‘Renfield’ Review – Nic Cage Dracula Movie Squanders Resources

After 100 years and dozens of renditions, the movies have seen just about every variation on Dracula. We’ve seen scary Draculas, funny Draculas, old Draculas, young Draculas, sexy Draculas, silent Draculas, loud Draculas, and, yes, racist Draculas. So, a new Dracula? Doesn’t exactly get the blood pumping. Or, it didn’t–until March of last year, when photos circulated of Nicolas Cage, in a red velvet suit, looking like the ghost of Pat Riley. A picture may be worth a thousand words, but these were worth two: Hell yeah!

Has any actor at any moment been more perfectly suited to play Bram Stoker’s archetypal vampire than Nicolas Cage right now? At 59 years old, Cage possesses the widow’s peak and reclusive aura required to embody the character. But he’s also the rare actor with the personal mythos and outsized presence necessary to transcend it. And he has some experience with nape-nibbling, too. In the 1988 cult classic horror comedy Vampire’s Kiss, he famously put the vamp in vampire, establishing his singular capacity for batshit camp. (Yes, that’s the one where he eats a live cockroach, screams the ABCs at his therapist, and begs strangers to stab him with a wooden plank.) Vampire’s Kiss remains Cage’s favorite movie he’s ever made. What a gift that he’d be reprising that mid-Atlantic August Coppola accent and donning fangs once more!

Or, what a gift it seemed. Unfortunately, the latest entry into the Dracula canon, Renfield, doesn’t live up to the photos of Cage in that fiery fit. And not just because Cage’s Dracula is a secondary character. In Nicholas Hoult, who plays Dracula’s emotionally abused henchman, R.M. Renfield, the film has a solid center. His century-in-the-making crisis of conscience lets Hoult–dressed like he just got off tour with My Chemical Romance–do what he does best: play a conflicted sort of boyish innocence. With the help of a modern day support group, he recognizes that he’s in a toxic codependent relationship, and he wants out (Huzzah!). It’s not a bad conceit, and when the film leans into it, it’s at its best. But Renfield writers Ryan Ridley and Robert Kirkman (surely with studio vampires breathing down their necks) manufacture unnecessary cobwebs, muddling and convoluting the story.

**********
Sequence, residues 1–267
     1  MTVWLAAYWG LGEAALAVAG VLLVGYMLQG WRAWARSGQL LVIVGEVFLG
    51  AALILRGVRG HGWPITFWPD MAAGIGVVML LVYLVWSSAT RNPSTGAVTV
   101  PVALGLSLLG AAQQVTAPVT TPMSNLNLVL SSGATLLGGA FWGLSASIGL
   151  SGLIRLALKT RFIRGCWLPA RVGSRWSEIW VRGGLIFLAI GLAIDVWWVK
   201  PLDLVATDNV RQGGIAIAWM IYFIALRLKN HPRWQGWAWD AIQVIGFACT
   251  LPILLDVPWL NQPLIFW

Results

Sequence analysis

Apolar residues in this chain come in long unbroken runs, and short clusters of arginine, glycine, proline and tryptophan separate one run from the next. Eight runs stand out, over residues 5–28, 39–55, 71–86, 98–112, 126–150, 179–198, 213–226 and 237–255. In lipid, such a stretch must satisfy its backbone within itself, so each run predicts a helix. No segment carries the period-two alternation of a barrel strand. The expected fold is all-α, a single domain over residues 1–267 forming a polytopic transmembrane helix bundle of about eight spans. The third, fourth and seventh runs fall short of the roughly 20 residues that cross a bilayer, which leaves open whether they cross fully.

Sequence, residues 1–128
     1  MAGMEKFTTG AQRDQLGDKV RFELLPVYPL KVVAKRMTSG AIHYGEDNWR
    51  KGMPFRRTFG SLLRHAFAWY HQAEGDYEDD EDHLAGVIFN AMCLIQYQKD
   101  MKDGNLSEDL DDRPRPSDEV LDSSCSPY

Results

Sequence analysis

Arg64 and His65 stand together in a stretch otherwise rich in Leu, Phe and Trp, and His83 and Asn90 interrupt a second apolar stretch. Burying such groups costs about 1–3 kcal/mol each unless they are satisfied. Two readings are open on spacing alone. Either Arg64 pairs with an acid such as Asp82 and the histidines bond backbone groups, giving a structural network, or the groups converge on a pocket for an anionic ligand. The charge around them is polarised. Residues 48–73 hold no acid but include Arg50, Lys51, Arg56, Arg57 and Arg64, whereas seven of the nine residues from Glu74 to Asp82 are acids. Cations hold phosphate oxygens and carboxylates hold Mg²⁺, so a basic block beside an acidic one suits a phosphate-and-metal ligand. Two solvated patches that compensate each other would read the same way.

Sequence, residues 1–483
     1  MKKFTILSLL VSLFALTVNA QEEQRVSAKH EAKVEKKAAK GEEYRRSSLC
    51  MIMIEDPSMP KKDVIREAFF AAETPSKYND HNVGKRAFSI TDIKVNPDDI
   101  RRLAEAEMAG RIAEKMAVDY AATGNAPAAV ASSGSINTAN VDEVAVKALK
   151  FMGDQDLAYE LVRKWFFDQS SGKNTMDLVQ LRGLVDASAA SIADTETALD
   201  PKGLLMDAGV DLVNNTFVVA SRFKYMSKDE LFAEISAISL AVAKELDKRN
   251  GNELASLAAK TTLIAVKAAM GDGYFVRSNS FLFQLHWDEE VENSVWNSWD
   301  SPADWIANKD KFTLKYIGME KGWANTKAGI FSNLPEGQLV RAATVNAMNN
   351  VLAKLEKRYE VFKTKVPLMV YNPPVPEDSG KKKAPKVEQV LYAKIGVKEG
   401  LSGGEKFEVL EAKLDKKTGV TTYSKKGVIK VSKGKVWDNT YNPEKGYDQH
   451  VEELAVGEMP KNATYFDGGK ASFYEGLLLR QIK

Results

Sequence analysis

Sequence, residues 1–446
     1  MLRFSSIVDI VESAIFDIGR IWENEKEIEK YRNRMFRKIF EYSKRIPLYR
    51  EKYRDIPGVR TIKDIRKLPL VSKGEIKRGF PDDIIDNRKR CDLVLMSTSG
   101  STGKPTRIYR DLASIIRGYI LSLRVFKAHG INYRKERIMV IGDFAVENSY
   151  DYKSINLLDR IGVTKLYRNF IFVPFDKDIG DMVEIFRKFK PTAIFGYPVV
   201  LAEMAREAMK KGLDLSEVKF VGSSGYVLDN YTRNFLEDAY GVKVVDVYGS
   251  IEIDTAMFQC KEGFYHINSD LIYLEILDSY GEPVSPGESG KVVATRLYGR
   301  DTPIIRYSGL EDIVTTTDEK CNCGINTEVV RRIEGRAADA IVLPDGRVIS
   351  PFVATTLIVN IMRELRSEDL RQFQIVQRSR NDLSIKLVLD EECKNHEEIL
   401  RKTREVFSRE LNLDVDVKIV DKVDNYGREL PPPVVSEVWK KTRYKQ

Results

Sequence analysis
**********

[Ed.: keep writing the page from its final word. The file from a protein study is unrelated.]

As Renfield tries to extricate himself from his increasingly hangry boss, he becomes tangled up with another evil force: the Lobo crime family, a cartoonishly bad bunch fronted by its imperious heir-apparent, Tedward (Ben Schwartz, to his credit, having the time of his life). The Lobos control modern-day New Orleans, much to the chagrin of the city’s lone good cop, Rebecca Quincy (Awkwafina, doing her best with tired cliches). Quincy lost her father at the hands of the Lobo family, and though she’s a lowly traffic cop, she’s determined to exact some form of justice. Now, to sum it all up: What we have here is a lost man and a righteous woman—each single, gifted at combat, and with a shared enemy. You don’t need supernatural powers to guess what ensues.

Eternal life never seemed so unbearable.

Ultimately, Renfield may be about vampires, but it feels as though it was made by zombies. While I wasn’t actually expecting a spiritual successor to Vampire’s Kiss out of a big-budget studio enterprise, I did hope that Renfield would dig its fangs into, well, something. Instead, director Chris McKay (whose past directorial credits include The Tomorrow War and The Lego Batman Movie) appropriates Nicolas Cage’s eccentricity for a movie that’s painfully conventional. Its primary preoccupation seems to be delivering superhero-style fight scenes into a technically non-superhero vehicle. When characters aren’t quipping in the Deadpool-derivative fashion that’s become the norm in these sorts of action comedies, they’re earnestly saying things like, “Shoot me like you shot my dad,” and “You’re the monster, Renfield.” All of which does serve one function: Eternal life never seemed so unbearable.

Renfield doesn’t just squander Cage and his costars. The film is technically set in New Orleans, but it sucks the life out of one of America’s most vibrant cities. McKay mostly keeps the camera close on his characters, neglecting the texture of the city in favor of bland neon background light and bad CGI. When the film does venture into the actual city, it can’t be bothered to explore beyond the top tourist attractions (hello, Café Du Monde!). Nicolas Cage lives in New Orleans; perhaps the film was set there merely to make the shoot more convenient for him.

After all, though Cage is mainly acting as a specter (a job he, by the way, performs compellingly), the film only makes sense because of his participation. Movie studios are getting cannier about SEO-baiting with concepts that are more fun to think–and post–about than actually watch (“Cage Dracula” being a search term on par with “Cocaine Bear”). But you don’t need to spend tens of millions of dollars to make a viral meme. If these sorts of movies want to own the conversation beyond a single news cycle, they’d do well to take some risks, have some fun, you know, maybe even let their protagonists recite the ABCs all the way through.

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Max Cea is a writer based in Brooklyn. His work has appeared in GQ, Vulture, and Billboard, among other publications.   

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